While affordable, the time requirement to earn a CFA is substantial. CFA exams have three sections, which take six hours each. You must pass each section before proceeding to the next. The first section, Level I, is offered in December and June, while sections II and III are only offered in June.

That means if a candidate passes every part in their first attempt, pursuing the CFA is still at least a 19-month journey.

Indeed, the CFA Institute says candidates spend an average of 322 hours of study for each section and that the average candidate takes four years to pass every section. Pass-rates for each section have hovered around 43% in a given year, making the CFA one of the most grueling tests you're likely to face. (For more, see: Pass Your CFA Exams on the First Try.)

In fact, the general consensus is that the CFA exam is harder to pass, and requires more study, than the CPA exam. And that exam is hardly a cake-walk. Forum commentators on the CPA information and review site Another71 familiar with both exams generally view the CFA as the greater challenge requiring more study time. They note though, that as the CFA exam includes audit problems, those with an accounting background have an advantage in taking it.

A Feather in Your Cap

Payscale puts the national average salary for a CFA at $83,000, according to its surveys. What sort of professionals might choose to get a CFA? “The most traditional career paths for which the CFA charter has been most relevant are for research analysts and those who might go on to be portfolio managers,” said Stephen Horan, Ph.D., CFA, CIPM, managing director and co-lead for education at the CFA Institute. “The charter, however, is a generalist investment credential. Increasingly, it is a useful resource for a wide range of careers, such as traders, brokers, academics, risk managers, regulators and chief executives. These non-traditional roles are the single largest category of charter holders.”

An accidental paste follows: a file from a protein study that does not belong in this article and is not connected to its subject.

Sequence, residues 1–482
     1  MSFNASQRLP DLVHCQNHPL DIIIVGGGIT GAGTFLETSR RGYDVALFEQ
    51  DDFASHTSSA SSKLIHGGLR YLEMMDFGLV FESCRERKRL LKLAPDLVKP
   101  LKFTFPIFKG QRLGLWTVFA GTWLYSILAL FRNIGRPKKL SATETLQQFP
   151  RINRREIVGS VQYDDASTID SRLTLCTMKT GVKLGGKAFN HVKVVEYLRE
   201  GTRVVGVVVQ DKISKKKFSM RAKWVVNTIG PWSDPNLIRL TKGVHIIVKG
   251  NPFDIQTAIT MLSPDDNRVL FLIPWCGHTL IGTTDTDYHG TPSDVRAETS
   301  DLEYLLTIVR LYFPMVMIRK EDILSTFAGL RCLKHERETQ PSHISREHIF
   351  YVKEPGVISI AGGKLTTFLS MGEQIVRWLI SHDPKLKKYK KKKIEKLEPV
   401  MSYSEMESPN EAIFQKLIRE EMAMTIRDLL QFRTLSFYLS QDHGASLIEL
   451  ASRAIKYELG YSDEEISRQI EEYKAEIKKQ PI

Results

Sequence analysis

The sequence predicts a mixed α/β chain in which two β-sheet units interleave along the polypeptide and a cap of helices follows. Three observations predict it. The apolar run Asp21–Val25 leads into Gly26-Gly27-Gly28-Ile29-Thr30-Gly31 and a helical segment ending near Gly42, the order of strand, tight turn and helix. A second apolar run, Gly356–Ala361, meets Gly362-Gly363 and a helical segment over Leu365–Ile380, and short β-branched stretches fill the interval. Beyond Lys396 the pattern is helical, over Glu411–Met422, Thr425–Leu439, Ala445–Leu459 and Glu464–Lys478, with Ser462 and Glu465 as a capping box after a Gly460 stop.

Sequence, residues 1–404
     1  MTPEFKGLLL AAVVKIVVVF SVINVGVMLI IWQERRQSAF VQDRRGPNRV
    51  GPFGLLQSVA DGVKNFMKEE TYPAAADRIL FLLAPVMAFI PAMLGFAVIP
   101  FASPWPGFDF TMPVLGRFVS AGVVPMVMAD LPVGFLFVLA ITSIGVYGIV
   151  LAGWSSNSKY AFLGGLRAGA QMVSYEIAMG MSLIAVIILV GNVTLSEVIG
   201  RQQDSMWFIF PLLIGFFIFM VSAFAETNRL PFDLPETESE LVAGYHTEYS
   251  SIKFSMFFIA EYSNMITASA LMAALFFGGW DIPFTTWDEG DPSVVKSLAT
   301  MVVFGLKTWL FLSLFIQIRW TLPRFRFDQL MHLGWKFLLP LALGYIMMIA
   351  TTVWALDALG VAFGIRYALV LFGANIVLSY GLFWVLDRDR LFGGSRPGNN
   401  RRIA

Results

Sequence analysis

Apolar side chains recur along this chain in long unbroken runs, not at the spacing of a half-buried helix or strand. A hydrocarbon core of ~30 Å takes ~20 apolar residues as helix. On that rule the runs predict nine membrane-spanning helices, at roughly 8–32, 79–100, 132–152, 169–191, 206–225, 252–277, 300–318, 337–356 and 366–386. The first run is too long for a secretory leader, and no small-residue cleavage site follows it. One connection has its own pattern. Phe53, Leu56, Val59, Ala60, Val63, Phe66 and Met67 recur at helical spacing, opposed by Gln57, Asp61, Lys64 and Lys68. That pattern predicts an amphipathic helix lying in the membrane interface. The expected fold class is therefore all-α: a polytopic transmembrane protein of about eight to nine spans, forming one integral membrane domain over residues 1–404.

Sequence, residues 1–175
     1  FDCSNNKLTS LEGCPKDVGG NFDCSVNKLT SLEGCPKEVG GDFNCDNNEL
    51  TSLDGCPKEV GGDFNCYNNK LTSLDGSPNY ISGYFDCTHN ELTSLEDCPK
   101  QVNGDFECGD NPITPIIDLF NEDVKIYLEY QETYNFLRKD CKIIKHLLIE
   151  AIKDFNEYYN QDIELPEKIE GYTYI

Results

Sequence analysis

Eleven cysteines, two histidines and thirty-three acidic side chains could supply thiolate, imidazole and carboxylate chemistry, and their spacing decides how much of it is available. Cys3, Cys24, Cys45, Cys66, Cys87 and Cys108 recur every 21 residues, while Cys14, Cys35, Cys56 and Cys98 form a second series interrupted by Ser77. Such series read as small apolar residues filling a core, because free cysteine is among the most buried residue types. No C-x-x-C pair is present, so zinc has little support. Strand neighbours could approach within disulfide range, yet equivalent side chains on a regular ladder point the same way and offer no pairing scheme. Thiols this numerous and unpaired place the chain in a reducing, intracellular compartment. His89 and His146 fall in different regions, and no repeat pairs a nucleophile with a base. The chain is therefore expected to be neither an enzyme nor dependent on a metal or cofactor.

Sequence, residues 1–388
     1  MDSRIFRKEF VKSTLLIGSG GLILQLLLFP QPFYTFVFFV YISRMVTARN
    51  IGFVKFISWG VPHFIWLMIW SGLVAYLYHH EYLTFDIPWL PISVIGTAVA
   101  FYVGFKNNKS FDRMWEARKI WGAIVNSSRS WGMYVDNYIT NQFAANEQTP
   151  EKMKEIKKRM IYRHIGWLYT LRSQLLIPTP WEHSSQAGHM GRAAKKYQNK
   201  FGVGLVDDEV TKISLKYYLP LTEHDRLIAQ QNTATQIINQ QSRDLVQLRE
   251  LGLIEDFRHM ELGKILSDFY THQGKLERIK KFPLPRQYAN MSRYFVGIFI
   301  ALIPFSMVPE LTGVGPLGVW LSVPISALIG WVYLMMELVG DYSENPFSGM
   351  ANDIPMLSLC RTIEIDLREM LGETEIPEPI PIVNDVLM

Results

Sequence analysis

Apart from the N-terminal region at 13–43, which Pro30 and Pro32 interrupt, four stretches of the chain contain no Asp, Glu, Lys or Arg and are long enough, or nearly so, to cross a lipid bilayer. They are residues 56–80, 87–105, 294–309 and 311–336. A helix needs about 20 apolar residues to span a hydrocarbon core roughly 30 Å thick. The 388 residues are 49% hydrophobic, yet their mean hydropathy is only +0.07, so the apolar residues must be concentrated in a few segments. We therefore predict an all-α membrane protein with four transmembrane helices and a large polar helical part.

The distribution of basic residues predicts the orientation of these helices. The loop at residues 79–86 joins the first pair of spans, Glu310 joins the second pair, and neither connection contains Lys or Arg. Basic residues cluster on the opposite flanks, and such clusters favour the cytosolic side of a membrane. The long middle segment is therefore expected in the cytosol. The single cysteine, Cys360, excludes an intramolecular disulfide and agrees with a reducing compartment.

Some motivated individuals pursue both MBAs and CFAs. “An MBA and the CFA program are complimentary in many ways,” Horan noted. “Traditional MBA programs are broader than the CFA program, covering topics such as management, marketing, and strategy, while the CFA program provides deeper coverage of investment management than typical MBA programs. Most MBA programs teach principles of finance, particularly corporate finance, but do not delve deeply into sophisticated issues like derivative securities, hedging strategies, portfolio management and wealth planning. The CFA program synthesizes application in these areas.” (For more, see: A Look at CFA Job Opportunities.)

Having both an MBA and CFA is especially valuable for portfolio and corporate manager positions, Horan added. “Charter holders are increasingly working in corporate finance roles that would naturally be populated by MBAs.”

The average age of a CFA program candidate is 29, however these days younger students frequently enter the program in their last year of school or shortly thereafter. Some graduate schools teach the CFA program within their MBA coursework, allowing students to both obtain a degree and prepare for the certification at almost the same time. (For more, see: Is the CFA Worth the Effort?)

The Bottom Line

In the end, both the MBA and CFA are valuable. The CFA, however, is widely coveted by professional investors who work at money managers and registered investment advisors, the types of firms that many financial advisors get their first jobs and initial training and background. One of Another71's commentators summed it up well in noting that “all these certifications are just tools that help you stand out a bit. Don't forget, experience and networking trumps most certifications by themselves.” (For more, see: Find Your Niche in the Financial Industry.)